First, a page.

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As part of a global initiative, the National Cleaner Production Centre South Africa (NCPC-SA), in partnership with the United Nations Industrial Development Organization (UNIDO) and the Center for Green Chemistryand Green Engineering at Yale University, hosted a workshop on Green Chemistry in Pretoria on 18 April 2018.
Participants from Cape Town and Durban joined via video conference. Simply put, Green Chemistry is thinking differently about how chemistry and chemical engineering can be done to improve safety, sustainability and efficacy. It emulates nature by using renewable materials that biodegrade easily in the environment and focuses on the inherent nature and properties of chemicals, materials, products, processes and systems; incorporating elements of chemistry, engineering, biology, toxicology and environmental science.
The workshop aimed to raise awareness about green chemistry, its role in society and opportunities in various research areas. It explained the transformational role of catalysis on industry and the associated material and energy benefits.
Other objectives were to assess the impacts of solvent usage and identify green chemistry alternative solvent systems and the subsequent benefits; the advantages and disadvantages of various process feed stocks; discuss ways to reduce or eliminate waste and identify its potential as a feedstock; and to review examples of green chemistry successes in industry and small businesses.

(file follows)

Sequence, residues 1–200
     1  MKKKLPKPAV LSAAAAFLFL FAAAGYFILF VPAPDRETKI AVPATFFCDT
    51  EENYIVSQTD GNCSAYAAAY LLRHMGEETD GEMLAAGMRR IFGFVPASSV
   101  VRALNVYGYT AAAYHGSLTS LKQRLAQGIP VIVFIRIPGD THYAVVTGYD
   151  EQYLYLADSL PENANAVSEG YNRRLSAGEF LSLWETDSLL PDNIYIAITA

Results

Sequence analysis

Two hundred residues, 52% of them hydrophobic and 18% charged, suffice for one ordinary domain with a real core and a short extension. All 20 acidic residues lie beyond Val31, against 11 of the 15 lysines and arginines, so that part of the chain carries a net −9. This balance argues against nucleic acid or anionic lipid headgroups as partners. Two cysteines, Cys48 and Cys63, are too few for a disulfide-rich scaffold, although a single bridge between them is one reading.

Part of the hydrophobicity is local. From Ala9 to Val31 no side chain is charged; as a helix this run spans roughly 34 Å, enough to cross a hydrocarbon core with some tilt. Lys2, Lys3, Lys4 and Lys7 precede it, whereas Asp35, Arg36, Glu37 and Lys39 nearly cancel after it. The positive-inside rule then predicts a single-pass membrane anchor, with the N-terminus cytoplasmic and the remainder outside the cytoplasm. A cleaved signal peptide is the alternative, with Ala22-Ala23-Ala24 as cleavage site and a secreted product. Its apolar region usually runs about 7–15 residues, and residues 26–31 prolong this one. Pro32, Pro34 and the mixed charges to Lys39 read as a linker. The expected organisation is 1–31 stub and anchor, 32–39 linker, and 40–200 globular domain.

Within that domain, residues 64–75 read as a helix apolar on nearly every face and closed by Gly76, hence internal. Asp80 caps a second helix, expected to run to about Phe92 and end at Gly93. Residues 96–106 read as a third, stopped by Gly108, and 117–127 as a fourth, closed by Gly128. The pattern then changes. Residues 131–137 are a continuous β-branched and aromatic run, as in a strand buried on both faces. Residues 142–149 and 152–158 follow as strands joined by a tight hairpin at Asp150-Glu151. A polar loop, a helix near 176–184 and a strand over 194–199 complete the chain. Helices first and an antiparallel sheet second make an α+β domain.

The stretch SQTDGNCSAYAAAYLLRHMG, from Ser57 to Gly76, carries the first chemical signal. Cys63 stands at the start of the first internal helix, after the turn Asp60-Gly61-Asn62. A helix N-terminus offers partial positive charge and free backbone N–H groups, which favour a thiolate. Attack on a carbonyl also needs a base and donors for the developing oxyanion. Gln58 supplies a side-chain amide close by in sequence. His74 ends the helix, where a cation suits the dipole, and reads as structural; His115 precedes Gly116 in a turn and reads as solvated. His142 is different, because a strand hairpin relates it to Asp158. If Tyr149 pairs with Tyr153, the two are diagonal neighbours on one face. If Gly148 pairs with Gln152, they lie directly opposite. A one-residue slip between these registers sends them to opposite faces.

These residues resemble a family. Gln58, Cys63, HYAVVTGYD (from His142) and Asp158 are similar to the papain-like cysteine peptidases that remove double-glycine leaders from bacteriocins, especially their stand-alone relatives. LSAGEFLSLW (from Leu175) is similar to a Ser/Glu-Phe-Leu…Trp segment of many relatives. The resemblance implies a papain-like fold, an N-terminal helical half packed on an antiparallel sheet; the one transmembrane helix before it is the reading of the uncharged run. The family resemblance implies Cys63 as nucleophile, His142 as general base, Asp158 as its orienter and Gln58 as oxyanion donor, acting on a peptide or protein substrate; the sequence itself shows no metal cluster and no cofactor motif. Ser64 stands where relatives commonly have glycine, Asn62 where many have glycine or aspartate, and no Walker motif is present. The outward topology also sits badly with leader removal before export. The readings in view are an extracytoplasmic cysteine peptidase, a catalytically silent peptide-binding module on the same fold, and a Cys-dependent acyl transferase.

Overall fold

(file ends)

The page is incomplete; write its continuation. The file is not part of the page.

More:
“We are very excited to host this first initiative of the global Green Chemistry Project in South Africa. The workshop was a crucial step in laying the foundation for transformative chemical engineering practices. It served to highlight the need for chemists and engineers to bring their research and innovations in support of green industry, out of the laboratory and into the boardroom,” explains Ndivhuho Raphulu, Director of the NCPC-SA.
Raphulu adds, “The workshop targeted the scientific community as well as industry players. The programme included discussions on chemistry in society, specifically in the health, transportation, communication and economic spheres. We looked at the unintended consequences of doing the right things in the wrong way, for example the use of pesticides in food production, and water purification using lethal substances, among others. All of these, of course, must be considered against the backdrop of our population, energy challenges, global change, resource depletion, food supplies, and so on.”
Delegates also reviewed the 12 principles* of green chemistry as developed by Prof Paul Anastas from Yale University, a key speaker at the workshop and known as the “father of green chemistry”. The principles enable scientists and engineers to create innovative ways to reduce waste, conserve energy, and discover replacements for hazardous substances.
“In South Africa, we have made some strides in promoting and implementing resource efficient and cleaner production practices – from saving energy and water, reducing and re-using waste, to improving life-cycle management skills. We support green business entrepreneurship and the use of sustainable consumption and production practices to generate growth, create jobs and reduce poverty.
The Green Chemistry Project is a natural and necessary progression in our mission to contribute to sustainable and responsible industrial development and a competitive South Africa,” Raphulu concludes.
• The NCPC-SA is a programme of the Department of Trade and Industry, and hosted by the Council for
Scientific and Industrial Research.